• Multiplication of numbers whose product is bigger than 100 exceeds the expectations established by 3.OA.C, “Multiply and divide within 100,” and this topic appears in the following Cumulative Tests: 17A after lesson 90, 18A after lesson 95, 19A after lesson 100, and 21A after lesson 105. Multiplication of numbers where one factor is written in decimal notation to hundredths aligns to 5.NBT.B.7, “Add, subtract, multiply, and divide decimals to hundredths, using concrete models or drawings and strategies based on place value, properties of operations, and/or the relationship between addition and subtraction; relate the strategy to a written method and explain the reasoning used,” and this topic appears in Cumulative Tests 19A after lesson 100 and 21A after lesson 105. These two multiplication topics are addressed in a total of 11 lessons.
  • Place value for numbers greater than 1,000 is an expectation that aligns to 4.NBT, “Grade 4 expectations in this domain are limited to whole numbers less than or equal to 1,000,000,” and this topic appears in the following Cumulative Tests: 13A after lesson 70, 15A after lesson 80, 18A after lesson 95, and 21A after lesson 110. This topic is addressed in a total of 8 lessons.
  • Conversion of measurements is a topic that aligns to standards in 4.MD.A, “Solve problems involving measurement and conversion of measurements”, and 5.MD.A, “Convert like measurement units within a given measurement system,” and this topic appears in the following Cumulative Tests: 13A after lesson 70, 18A after lesson 95, and 20A after lesson 105. This topic is addressed in a total of 12 lessons.
  • Probability is a topic that aligns to 7.SP.C, “Investigate chance processes and develop, use, and evaluate probability models,” and this topic appears in the following Cumulative Tests: 9A after lesson 50, 10A after lesson 55, and 20A after lesson 105. This topic is addressed in a total of 3 lessons.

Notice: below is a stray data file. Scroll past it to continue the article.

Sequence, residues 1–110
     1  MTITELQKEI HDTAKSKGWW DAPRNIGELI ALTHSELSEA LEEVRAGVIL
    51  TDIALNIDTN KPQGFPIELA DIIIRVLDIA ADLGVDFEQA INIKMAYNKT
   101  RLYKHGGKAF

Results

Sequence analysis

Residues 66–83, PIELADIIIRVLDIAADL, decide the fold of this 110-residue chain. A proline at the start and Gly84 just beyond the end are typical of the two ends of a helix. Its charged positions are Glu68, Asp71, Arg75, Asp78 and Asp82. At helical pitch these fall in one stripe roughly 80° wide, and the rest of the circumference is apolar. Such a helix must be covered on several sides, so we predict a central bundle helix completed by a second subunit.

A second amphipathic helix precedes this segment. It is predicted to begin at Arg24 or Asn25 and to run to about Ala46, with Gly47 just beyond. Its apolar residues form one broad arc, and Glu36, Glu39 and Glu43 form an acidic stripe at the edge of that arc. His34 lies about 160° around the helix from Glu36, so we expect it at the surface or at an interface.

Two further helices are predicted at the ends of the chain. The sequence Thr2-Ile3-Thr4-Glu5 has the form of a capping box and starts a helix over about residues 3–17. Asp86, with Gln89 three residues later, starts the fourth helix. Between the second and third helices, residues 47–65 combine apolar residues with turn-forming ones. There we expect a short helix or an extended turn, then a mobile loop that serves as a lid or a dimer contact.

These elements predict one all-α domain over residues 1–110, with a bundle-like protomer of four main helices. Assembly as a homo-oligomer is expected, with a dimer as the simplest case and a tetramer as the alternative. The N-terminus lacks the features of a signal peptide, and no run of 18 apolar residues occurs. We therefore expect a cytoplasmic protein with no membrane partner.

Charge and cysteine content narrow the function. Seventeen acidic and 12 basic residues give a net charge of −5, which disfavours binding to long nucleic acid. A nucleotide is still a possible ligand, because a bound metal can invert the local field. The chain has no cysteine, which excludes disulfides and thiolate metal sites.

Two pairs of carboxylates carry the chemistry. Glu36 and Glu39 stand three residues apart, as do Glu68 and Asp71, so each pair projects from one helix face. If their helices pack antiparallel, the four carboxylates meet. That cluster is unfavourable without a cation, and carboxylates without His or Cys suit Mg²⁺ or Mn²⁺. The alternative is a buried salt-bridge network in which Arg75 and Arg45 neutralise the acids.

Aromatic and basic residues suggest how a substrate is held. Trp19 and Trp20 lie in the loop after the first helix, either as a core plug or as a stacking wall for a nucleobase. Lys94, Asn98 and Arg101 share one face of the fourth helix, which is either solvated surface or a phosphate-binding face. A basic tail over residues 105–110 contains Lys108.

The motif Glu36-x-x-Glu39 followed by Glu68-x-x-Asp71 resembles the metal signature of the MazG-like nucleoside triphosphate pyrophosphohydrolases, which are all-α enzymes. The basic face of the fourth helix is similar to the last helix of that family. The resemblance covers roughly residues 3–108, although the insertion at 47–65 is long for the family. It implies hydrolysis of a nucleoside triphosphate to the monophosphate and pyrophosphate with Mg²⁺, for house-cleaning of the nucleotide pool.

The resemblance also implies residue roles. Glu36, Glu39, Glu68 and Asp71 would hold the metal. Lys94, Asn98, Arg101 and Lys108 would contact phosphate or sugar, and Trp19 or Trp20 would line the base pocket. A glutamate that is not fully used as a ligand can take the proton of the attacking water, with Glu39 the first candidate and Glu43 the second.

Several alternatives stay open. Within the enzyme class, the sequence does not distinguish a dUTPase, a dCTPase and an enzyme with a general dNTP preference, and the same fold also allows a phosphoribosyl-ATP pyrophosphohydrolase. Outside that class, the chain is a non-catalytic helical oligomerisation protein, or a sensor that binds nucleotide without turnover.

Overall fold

• Finding volume in cubic units is a topic that aligns to 5.MD.C, “Geometric measurement: understand concepts of volume”, and this topic appears in Cumulative Tests 16A after lesson 85 and 20A after lesson 105. This topic is addressed in a total of 3 lessons.

*Evidence updated 10/27/15

Criterion 1b

Students and teachers using the materials as designed devote the large majority of class time in each grade K-8 to the major work of the grade.
0/4
+
-
Criterion Rating Details

The instructional materials reviewed for Grade 3 do not meet expectations for focus. The material does not spend the majority of time on the major clusters in the grade. There was evidence found where actual student activities do not align with the standards labeled in the materials and where students are engaging in work above the grade level, thus diminishing the focus.

Indicator 1b

Instructional material spends the majority of class time on the major cluster of each grade.
0/4
+
-
Indicator Rating Details

The instructional materials reviewed for Grade 3 do not meet expectations for focus and a majority of time is not spent on major cluster of the grade. According to the manual, the author suggests a 60-minute class period consisting of a 30-minute block in which students complete written practice problems (distributed practice which does not particularly focus on or extend the new concept taught that day) and a 15-minute power up block. Because of this and the wide range of concepts addressed in the practice (which changes daily), it is difficult to trace the amount of time spent on each concept through this and the power up practice. This means the educator will focus only on the new concept lessons as the tool in which to base the review alignment to the major work of the grade level. The author allots a mere 15 minutes for the new concept lesson. The first 40 new concept lessons are largely reviewed from previous grades and the majority focus on the "additional cluster" 3.NBT and address addition and subtraction with procedural fluency (which goes beyond alignment). By contrast, there are only eight lessons devoted to fractions (3.NF.A) and only one lesson featuring two-step word problems (3.OA.D), which are both major work of the grade level. In fact, the very first non-review major work evidence found is in Lesson 29, fractions of a dollar. After extensive examination, only 40 of the 121 lessons (110 lessons plus 11 Investigations) actually address the major work of Grade 3, a mere 33%. Additional examples of misaligned lessons include:

  • Lesson 81 says the lesson is aligned to major work but the objective exceeds the standards by asking for student to multiply two-digit numbers by one-digit numbers. The standard referenced is focused on multiplying two one-digit numbers.